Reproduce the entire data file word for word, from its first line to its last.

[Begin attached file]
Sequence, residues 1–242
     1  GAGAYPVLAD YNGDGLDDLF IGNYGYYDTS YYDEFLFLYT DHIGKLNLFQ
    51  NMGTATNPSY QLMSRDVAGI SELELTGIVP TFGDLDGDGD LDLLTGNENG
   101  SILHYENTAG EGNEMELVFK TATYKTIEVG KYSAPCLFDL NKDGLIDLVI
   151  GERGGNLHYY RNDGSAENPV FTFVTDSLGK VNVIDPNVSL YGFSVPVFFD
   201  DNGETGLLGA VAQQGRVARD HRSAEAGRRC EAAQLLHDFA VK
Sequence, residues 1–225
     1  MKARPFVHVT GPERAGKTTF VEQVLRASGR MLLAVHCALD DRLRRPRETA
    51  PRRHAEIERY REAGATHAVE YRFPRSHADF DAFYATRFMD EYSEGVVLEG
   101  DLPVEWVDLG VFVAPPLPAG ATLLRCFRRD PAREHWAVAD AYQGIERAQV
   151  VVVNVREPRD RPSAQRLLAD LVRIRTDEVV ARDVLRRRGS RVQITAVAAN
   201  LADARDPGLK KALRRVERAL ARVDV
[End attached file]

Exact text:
Sequence, residues 1–242
     1  GAGAYPVLAD YNGDGLDDLF IGNYGYYDTS YYDEFLFLYT DHIGKLNLFQ
    51  NMGTATNPSY QLMSRDVAGI SELELTGIVP TFGDLDGDGD LDLLTGNENG
   101  SILHYENTAG EGNEMELVFK TATYKTIEVG KYSAPCLFDL NKDGLIDLVI
   151  GERGGNLHYY RNDGSAENPV FTFVTDSLGK VNVIDPNVSL YGFSVPVFFD
   201  DNGETGLLGA VAQQGRVARD HRSAEAGRRC EAAQLLHDFA VK
Sequence, residues 1–225
     1  MKARPFVHVT GPERAGKTTF VEQVLRASGR MLLAVHCALD DRLRRPRETA
    51  PRRHAEIERY REAGATHAVE YRFPRSHADF DAFYATRFMD EYSEGVVLEG
   101  DLPVEWVDLG VFVAPPLPAG ATLLRCFRRD PAREHWAVAD AYQGIERAQV
   151  VVVNVREPRD RPSAQRLLAD LVRIRTDEVV ARDVLRRRGS RVQITAVAAN
   201  LADARDPGLK KALRRVERAL ARVDV